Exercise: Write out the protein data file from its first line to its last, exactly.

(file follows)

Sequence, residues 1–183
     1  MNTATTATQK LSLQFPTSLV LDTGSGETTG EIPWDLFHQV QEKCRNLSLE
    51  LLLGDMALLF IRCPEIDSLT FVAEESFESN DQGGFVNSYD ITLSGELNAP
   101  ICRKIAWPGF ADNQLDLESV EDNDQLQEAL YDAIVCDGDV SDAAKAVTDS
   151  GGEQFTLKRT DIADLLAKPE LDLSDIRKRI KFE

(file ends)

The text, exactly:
Sequence, residues 1–183
     1  MNTATTATQK LSLQFPTSLV LDTGSGETTG EIPWDLFHQV QEKCRNLSLE
    51  LLLGDMALLF IRCPEIDSLT FVAEESFESN DQGGFVNSYD ITLSGELNAP
   101  ICRKIAWPGF ADNQLDLESV EDNDQLQEAL YDAIVCDGDV SDAAKAVTDS
   151  GGEQFTLKRT DIADLLAKPE LDLSDIRKRI KFE